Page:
The president’s first blueprint would deeply cut State Department funds while boosting defense and law enforcement funding.
The “deconstruction of the administrative state” now comes with line items.
President Donald Trump will release his blueprint for reshaping the American government on Thursday, a budget plan that slashes deeply into the State Department, redirects funds toward the military, guts environmental and housing programs—and continues to run a nearly half-trillion-dollar deficit.
Every dollar of proposed cutbacks to domestic, diplomatic and international aid programs that Trump makes in the spending plan will go to boost defense and law enforcement funding.
“There’s no question this is a hard-power budget,” said Office of Management and Budget Director Mick Mulvaney. “It is not a soft-power budget.”
The document, scheduled to be posted online at 7 a.m. Thursday, represents the most concrete translation of Trump’s nationalistic and populist rhetoric on the campaign trail into dollars and cents.
Mulvaney said his team literally pored over Trump’s speeches to prepare the plan. “We wrote it using the president’s own words,” he said. “We turned those policies into numbers.”
Those numbers are stark, particularly for the State Department. Mulvaney said it would be cut by 28 percent — “a fairly dramatic reduction,” he said — but still smaller than the initial 37 percent gutting floated in February. Secretary of State Rex Tillerson has pushed for more time to assess where to make such severe cuts.
Some domestic programs, such as the Corporation for Public Broadcasting, which supports PBS and NPR, are on the chopping block for elimination entirely. Trump is pushing numerous such cuts, long sought by conservative Republicans, in the spending plan, while allocating “more money for things like private and public school choice,” Mulvaney said.
As proposed, the Trump budget almost certainly will not pass Congress. Too many lawmakers, including many Republicans, have declared it dead on arrival. But the document nonetheless represents a crucial road map for a president who is new to government, and who has at least a full term to pursue his goals. It is the clearest practical expression yet of what Trump’s chief strategist Steve Bannon described as the “deconstruction of the administrative state” last month and his agenda of “economic nationalism.”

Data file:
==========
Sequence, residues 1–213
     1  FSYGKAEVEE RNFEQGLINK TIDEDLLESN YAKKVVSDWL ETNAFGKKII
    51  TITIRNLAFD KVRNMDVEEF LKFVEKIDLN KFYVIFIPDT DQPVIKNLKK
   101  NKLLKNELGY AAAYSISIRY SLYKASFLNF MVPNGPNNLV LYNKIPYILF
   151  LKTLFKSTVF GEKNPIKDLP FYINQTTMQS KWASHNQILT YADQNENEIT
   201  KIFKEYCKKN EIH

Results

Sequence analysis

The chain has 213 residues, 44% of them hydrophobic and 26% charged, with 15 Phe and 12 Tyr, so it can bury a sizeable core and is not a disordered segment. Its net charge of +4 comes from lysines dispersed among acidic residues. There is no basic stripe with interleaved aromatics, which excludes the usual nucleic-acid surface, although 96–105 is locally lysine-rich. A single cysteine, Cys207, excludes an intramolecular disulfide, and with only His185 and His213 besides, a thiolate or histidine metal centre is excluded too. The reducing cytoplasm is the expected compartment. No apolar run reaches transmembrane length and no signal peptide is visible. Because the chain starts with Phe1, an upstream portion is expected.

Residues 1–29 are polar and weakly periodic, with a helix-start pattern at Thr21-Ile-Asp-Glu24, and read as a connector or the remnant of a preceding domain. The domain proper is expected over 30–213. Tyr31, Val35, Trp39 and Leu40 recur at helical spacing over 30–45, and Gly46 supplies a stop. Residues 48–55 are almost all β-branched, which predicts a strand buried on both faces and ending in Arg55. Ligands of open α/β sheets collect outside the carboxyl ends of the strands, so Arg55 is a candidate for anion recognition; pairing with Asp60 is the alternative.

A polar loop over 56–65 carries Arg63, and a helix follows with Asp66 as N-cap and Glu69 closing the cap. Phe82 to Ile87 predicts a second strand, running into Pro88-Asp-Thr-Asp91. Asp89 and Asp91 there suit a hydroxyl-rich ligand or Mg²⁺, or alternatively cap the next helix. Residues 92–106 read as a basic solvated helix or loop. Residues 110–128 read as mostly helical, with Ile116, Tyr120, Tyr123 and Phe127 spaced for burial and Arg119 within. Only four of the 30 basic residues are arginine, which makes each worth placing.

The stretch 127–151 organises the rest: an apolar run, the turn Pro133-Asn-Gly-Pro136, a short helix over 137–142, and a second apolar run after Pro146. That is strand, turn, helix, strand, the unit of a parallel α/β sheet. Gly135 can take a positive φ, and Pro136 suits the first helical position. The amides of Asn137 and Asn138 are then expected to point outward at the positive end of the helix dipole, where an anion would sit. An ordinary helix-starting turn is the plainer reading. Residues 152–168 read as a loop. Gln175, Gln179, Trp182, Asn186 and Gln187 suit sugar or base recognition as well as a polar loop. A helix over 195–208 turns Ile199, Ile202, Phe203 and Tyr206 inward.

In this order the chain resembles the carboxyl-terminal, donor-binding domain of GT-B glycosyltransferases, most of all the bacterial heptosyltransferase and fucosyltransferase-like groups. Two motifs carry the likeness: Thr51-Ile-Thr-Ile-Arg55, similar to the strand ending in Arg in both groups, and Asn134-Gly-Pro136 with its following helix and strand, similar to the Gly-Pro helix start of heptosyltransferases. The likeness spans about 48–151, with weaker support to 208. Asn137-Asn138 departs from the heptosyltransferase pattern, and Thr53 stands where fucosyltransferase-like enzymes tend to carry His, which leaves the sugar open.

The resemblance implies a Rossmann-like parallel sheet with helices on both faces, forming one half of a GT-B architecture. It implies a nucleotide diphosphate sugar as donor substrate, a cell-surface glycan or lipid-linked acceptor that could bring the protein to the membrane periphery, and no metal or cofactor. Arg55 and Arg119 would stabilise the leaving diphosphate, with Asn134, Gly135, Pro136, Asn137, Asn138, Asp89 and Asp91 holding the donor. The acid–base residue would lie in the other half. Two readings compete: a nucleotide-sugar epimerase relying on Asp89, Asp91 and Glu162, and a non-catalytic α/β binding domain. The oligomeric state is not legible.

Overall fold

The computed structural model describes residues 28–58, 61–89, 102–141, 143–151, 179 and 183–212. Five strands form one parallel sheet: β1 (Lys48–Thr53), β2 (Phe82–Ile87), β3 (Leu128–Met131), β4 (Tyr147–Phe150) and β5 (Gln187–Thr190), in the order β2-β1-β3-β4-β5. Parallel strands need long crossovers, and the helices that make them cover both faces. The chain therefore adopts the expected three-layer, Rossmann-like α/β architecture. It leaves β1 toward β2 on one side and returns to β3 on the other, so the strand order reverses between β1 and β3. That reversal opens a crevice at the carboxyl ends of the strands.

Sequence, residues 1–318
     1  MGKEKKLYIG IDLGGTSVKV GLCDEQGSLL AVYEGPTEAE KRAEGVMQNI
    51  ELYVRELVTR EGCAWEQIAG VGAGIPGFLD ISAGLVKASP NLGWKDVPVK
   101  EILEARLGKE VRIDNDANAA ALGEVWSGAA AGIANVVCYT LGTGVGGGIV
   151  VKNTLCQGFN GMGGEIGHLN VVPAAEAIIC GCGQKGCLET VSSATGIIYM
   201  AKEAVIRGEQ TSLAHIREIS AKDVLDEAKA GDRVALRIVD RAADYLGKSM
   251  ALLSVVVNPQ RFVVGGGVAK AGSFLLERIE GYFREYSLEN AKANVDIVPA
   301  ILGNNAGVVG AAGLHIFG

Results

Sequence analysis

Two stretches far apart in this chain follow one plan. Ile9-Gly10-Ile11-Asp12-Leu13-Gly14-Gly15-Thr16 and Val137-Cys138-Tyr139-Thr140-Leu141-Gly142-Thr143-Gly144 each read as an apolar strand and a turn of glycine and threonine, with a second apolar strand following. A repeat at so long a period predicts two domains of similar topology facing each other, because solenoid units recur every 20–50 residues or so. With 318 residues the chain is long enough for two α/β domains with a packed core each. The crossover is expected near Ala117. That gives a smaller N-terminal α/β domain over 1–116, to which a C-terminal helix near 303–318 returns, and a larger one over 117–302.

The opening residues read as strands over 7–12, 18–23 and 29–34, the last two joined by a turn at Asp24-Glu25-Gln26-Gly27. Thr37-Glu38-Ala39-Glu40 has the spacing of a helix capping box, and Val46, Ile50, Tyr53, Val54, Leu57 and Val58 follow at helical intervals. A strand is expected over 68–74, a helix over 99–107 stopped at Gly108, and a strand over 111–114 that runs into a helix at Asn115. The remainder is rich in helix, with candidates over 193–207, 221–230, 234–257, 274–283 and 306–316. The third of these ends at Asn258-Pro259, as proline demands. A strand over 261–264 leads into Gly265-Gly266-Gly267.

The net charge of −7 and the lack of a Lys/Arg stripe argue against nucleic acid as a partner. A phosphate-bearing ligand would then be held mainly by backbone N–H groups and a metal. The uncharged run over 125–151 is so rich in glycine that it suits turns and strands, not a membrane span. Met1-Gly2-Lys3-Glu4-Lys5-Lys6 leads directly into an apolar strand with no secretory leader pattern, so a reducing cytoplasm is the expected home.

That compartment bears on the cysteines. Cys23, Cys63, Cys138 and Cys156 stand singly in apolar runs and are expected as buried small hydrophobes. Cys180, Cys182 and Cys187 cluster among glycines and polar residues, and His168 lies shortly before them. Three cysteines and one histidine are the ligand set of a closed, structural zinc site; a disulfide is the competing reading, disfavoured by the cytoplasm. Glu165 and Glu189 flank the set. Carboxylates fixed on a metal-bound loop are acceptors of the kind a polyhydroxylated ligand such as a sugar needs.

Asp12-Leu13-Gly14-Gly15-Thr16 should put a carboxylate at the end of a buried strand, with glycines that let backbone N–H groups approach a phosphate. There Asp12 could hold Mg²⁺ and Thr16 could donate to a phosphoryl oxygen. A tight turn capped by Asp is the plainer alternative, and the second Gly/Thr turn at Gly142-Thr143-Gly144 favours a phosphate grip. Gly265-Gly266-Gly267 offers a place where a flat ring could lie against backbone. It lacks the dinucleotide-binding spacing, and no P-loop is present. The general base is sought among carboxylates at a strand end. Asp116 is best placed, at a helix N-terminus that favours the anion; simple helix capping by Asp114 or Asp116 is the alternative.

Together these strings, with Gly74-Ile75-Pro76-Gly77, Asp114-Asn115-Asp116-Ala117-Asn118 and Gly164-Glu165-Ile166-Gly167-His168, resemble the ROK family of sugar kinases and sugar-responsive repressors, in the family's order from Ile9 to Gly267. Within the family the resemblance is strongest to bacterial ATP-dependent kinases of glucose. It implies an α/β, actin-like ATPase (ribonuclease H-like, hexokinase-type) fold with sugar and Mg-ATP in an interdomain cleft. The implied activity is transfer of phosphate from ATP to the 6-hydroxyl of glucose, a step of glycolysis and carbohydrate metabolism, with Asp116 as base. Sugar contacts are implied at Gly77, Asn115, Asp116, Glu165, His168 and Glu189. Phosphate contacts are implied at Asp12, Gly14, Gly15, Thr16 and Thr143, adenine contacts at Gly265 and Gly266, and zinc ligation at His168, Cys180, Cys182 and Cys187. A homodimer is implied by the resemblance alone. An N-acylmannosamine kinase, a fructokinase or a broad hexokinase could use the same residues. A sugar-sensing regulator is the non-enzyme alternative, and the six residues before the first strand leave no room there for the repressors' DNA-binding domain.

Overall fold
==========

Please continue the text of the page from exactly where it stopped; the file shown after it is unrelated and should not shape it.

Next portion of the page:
“This budget is the first step toward what will be, three or four years from now, a dramatically different federal government,” said Newt Gingrich, an informal Trump adviser and former House speaker who understands the power of even a small shift in the $4 trillion federal budget.
“We have never had anybody like him,” he added. “He’s one-third Andrew Jackson for disruption, one-third Theodore Roosevelt for energy, one third P.T. Barnum for salesmanship. If you weave those together you understand what Trump is.”
In a 30-minute budget briefing on Wednesday, Mulvaney, a conservative former congressman from South Carolina, notably did not use the words either “conservative” or “Republican” in describing the plan. Trump eschewed Republican orthodoxy when he promised not to cut back Social Security and Medicare during the campaign— two entitlement programs that most Republicans say must be curtailed in order to balance the budget — and his first fiscal plan outline leaves them untouched.
The spending plan does seek to shrink numerous federal programs. The package would lead to mass layoffs at the Environmental Protection Agency and steep reductions in housing programs. The White House proudly circulated a story that said it was seeking a “historic contraction of the federal workforce.”
“There’s a lot of programs that simply cannot justify their existence, and that’s where we zeroed in,” Mulvaney said, referring specifically to the Department of Housing and Urban Development.
Rep. Chris Collins, R-N.Y., a top Trump ally on Capitol Hill, said the president was gutting “agencies we think have gone rogue” and “the massive government bureaucracy that never seems to shrink.”
In addition to the budget, Trump has taken other steps to curb the reach of the federal government, including issuing an executive order that for every future executive order that is issued, two must be rescinded. And next week, confirmation hearings will begin for Trump’s nominee for the Supreme Court, Judge Neil Gorsuch, one of whose best-known opinions is about taking away rulemaking authority from the executive branch.
The Trump budget allocates $54 billion more to defense and law enforcement programs than Congress approved this year, a roughly 10 percent increase, while cutting foreign aid as part of a reorientation that Trump has termed “America First.” Trump also asks for a $30 billion supplemental payment for national security and the border in the current year. Mulvaney said funding for the Department of Homeland Security would grow by approximately 6 percent.
The budget also calls for American tax dollars to fund the construction of a wall along the southern border — despite Trump’s repeated campaign claims that Mexico would pay.
“It’s coming out of the Treasury,” Mulvaney said of a $1.5 billion request in the current year.
The document released on Thursday is known as the “skinny budget” and only represents the toplines for departments and agencies. A full budget, including economic and tax projections, will come in May, with the goal for Congress to adopt a plan before the new fiscal year begins at the end of September.